There was a time when radical economic ideas came from the political right. Fed up with failed government intervention in business, high inflation, unions preventing modernisation and a welfare state seen as too comfortable for those out of work, the Reagan and Thatcher governments of the 1980s tore down the boundaries of the state. They were copied to varying degrees by other advanced economies, enjoyed popular support and consigned the left to be small "c" conservatives, defending the old ways.
As rich countries begin to emerge from the pandemic, it is time to ask what lessons it provides for the way we run our economic systems. Many people have already made up their minds. My inbox groans with pressure groups, business organisations and politicians recommending exactly the same policies as they have always advocated and merely adding that Covid-19 increases the necessity of those changes.
But a notable exception is a survey conducted by the Pew Research Centre, which sought to find out what the public wanted from the economic system rather than telling them what they should get. Some of the findings are unhelpful. It is no surprise that large majorities in the US, Germany, France and the UK would like other people to pay for stuff that they think would benefit them.
Much more interesting is the finding that large majorities in the four countries are unhappy with the economic system. In the US, UK and Germany, half of all those questioned said it requires "major changes" or "needs to be completely reformed". That share rose to 70 per cent in France. Only a very small proportion, the highest was 12 per cent in the US, thought the economic system did not need to be changed.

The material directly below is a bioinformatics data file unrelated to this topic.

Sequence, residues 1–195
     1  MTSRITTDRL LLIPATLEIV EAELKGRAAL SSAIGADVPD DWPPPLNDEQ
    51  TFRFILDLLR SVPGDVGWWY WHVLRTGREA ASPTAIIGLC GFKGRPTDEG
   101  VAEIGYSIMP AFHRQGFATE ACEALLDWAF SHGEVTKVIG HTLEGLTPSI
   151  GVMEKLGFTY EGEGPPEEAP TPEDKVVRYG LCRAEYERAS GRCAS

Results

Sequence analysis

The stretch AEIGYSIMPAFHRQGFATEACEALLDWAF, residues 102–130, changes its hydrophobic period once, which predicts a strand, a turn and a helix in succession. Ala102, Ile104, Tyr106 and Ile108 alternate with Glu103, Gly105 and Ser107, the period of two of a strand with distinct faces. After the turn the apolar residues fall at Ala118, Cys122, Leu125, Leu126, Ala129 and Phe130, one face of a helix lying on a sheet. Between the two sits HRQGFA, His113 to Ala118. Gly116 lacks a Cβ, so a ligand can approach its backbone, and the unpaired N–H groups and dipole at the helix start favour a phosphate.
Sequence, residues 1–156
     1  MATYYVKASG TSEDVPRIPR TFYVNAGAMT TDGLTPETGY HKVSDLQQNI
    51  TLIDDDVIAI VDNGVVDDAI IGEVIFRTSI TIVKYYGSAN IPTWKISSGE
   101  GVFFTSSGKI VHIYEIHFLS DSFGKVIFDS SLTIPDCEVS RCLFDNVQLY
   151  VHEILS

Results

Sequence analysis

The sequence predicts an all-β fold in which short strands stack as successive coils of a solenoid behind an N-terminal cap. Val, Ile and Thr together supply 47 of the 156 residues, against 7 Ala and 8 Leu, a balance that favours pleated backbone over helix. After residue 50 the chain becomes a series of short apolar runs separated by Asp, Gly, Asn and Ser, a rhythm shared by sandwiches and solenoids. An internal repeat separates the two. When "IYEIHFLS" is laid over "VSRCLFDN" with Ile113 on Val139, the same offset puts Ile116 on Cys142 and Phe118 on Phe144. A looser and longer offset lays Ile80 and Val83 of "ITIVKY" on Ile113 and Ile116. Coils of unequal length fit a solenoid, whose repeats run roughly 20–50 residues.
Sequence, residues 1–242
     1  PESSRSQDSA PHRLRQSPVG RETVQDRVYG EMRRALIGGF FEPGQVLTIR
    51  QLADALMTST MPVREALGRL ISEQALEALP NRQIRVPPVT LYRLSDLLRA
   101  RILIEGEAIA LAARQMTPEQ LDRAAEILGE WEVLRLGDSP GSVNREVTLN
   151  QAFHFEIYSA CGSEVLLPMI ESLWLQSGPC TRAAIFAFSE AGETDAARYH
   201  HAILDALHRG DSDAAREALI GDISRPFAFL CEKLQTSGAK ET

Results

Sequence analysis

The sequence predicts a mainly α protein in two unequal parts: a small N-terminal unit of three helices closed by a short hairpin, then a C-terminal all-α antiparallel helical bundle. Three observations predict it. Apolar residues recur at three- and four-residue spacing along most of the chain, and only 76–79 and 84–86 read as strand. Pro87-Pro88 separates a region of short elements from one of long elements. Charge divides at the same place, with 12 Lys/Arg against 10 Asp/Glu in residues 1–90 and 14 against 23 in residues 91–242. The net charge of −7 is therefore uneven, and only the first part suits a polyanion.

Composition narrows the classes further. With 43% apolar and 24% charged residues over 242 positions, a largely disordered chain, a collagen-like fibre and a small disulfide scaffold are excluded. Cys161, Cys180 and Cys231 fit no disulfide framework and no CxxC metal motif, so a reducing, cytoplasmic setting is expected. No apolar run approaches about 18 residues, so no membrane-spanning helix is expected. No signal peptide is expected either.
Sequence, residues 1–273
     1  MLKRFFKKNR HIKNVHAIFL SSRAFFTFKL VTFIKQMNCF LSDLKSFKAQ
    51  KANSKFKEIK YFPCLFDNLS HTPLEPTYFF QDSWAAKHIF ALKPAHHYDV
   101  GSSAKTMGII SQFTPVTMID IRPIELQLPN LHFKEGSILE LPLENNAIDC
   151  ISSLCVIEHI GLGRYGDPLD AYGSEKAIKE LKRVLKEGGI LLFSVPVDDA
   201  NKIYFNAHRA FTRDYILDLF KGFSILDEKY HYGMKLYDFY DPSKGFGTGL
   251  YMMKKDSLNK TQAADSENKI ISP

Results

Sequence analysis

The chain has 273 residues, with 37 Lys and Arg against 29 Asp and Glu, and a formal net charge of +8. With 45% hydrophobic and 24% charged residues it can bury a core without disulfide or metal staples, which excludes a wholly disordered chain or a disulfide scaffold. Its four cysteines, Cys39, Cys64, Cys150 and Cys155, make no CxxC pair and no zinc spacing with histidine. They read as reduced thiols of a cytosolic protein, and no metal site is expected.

Discontent with the way the economy works was rife among those on the political left and poorer people. And after the unifying threat of coronavirus, there was a strong desire for a system that has more equitable outcomes. Even among richer people there was support for higher government benefits, more public housing and higher taxes on the wealthy. However much heat US hedge fund managers generate in protesting against proposals that their remuneration should be taxed as income not capital gains to pay for more social security, President Joe Biden's policies are aligned with the public's views.
In the aftermath of the pandemic, people cherish greater security, solidarity and resilience in the face of shocks. The economic radicals on the political left have the ear of the public. Or at least they do in three of the four countries surveyed by Pew.
France is the interesting outlier. Its public was most disenchanted with its economic system, yet it had seen the fewest economic reforms before the crisis, had the most equal income distribution and the highest levels of public spending. In France, everyone was unhappy: the poor and the left felt they did not get a fair share of the pie, while the rich and the right felt the economy was not working for them.
There is an important lesson here. The model of pre-coronavirus capitalism, with high levels of inequality, is losing popular support, suggesting the need for a post-Covid world with more support for the vulnerable and higher taxes, especially on extreme levels of income, wealth and profits. But there is still an important trade-off between equity and efficiency. Take redistribution too far and no one is satisfied.
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I have used the phrase "too far" knowing it is imprecise and is close to being meaningless. We don't know the precise boundary, but it means that working out how to meet the public's legitimate expectations of a leftward shift in economic policy without undermining opportunities for growth will be the great economic experiment of the post-pandemic world.
© Financial Times